Lesson 8, Topic 1
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Alkanes from crude oil notes

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  • Crude oil (petroleum) is a mixture of hydrocarbons, mainly alkanes
  • These alkanes range from small ones like pentane to larger alkanes of 50 carbons or more
  • Crude oil can be separated into more useful parts called fractions by fractional distillation, cracking and reforming

Crude oil is vapourised at 350oC


The vapourised crude oil rises up the fractionating column. The larger hydrocarbons that do not vapourise sink to the bottom forming a thick residue


As the vapour rises up the column it gets cooler and hydrocarbon of different chain lengths condense at different temperatures and run off at different parts of the column


The hydrocarbons with the lowest chain lengths (lowesr boiling points) to not condense and are drawn of as gases at the top of the column

  • Shorter chain fractions such as petrol are more valuable than longer chain ones like bitumen
  • Cracking involves breaking long-chain akanes at the C-C bonds into smaller chain hydrocarbons (which can include alkenes

There are two types of cracking: thermal and catalytic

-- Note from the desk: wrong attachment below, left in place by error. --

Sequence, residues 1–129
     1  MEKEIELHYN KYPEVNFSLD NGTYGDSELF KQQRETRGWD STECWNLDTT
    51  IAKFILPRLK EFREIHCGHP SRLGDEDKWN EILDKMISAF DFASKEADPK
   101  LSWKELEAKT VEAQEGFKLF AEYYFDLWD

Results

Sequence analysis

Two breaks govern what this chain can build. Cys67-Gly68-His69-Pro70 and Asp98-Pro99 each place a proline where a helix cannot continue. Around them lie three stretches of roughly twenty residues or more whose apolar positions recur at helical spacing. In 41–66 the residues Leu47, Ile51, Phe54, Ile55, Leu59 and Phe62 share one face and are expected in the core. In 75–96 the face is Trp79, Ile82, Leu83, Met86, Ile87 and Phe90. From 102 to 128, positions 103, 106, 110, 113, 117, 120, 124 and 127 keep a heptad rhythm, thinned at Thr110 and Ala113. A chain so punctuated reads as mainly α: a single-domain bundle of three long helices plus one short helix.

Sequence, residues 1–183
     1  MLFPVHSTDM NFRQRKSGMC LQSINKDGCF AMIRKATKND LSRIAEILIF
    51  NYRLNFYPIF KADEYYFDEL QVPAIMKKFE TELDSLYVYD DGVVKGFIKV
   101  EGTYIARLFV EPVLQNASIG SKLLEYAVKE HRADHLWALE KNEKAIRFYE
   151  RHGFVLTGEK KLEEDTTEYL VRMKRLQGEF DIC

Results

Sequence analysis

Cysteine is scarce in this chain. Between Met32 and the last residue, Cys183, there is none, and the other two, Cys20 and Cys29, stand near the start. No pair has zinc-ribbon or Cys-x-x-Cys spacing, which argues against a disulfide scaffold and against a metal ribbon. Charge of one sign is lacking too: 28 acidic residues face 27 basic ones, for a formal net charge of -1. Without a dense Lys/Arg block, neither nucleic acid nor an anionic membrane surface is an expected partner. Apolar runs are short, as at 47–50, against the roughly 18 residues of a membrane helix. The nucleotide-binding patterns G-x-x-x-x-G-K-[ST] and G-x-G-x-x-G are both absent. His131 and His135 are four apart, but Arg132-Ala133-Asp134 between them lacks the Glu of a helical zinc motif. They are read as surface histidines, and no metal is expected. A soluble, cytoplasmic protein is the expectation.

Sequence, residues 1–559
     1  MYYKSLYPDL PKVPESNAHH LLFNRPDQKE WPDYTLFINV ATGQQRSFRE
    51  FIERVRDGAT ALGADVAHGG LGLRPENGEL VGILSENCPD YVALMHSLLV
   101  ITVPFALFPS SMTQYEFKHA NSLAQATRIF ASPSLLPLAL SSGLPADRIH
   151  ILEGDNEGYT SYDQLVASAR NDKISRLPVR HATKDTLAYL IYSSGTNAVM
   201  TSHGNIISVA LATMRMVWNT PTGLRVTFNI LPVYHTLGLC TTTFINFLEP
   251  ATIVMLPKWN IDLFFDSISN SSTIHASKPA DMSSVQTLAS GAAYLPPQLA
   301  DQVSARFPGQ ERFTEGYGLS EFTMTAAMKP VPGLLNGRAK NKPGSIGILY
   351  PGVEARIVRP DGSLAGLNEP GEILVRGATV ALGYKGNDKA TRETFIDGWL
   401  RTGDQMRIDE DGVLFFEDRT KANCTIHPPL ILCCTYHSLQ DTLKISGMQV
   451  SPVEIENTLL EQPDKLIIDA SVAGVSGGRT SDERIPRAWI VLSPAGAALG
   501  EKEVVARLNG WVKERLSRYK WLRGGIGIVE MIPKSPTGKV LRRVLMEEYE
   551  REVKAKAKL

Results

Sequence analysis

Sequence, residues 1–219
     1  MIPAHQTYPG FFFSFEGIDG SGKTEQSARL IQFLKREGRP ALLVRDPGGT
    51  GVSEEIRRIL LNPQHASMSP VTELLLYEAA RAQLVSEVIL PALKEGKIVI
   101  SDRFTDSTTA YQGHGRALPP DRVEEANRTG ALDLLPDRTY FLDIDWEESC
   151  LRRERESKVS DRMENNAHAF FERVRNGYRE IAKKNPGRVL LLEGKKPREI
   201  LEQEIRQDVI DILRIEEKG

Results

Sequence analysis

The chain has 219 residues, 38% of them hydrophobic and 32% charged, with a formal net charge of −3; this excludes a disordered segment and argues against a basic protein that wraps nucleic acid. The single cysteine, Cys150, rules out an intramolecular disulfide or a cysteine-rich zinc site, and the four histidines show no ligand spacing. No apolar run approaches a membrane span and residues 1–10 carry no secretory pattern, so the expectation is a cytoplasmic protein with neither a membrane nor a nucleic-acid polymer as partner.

• Thermal crack takes place at high temperatures (1000C) and high pressures (70 atm)
  • It produces a lot of alkenes
  • These alkenes are used to make lots of valuable products like polymers
  • Catalytic cracking uses a zeolite catalyst (hydrated aluminosilicate) at a slight pressure and high temperature (about 4500C)
  • It mostly produces aromatic hydrocarbons and motor fuels
  • Using a catalyst cuts costs because the reaction can be done at a low pressure and a lower temperature.
  • The catalyst also speeds up the reaction saving time and money
  • Straight chain alkanes can be converted into branched chain alkanes and cyclic hydrocarbons by reforming 
  • This uses a catalyst (e.g platinum stuck on aluminium oxide)
  • Hexane can be reformed into cyclohexane and hydrogen gas, which can be reformed into benzene (C6H6) and hydrogen gas
  • Octane can be reformed into 2,5 dimethylhexane